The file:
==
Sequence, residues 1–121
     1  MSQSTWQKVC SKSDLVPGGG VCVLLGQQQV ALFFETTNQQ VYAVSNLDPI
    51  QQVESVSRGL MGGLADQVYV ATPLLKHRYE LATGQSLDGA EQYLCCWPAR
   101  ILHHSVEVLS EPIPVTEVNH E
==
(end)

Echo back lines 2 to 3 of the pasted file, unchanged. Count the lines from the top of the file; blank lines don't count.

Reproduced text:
     1  MSQSTWQKVC SKSDLVPGGG VCVLLGQQQV ALFFETTNQQ VYAVSNLDPI
    51  QQVESVSRGL MGGLADQVYV ATPLLKHRYE LATGQSLDGA EQYLCCWPAR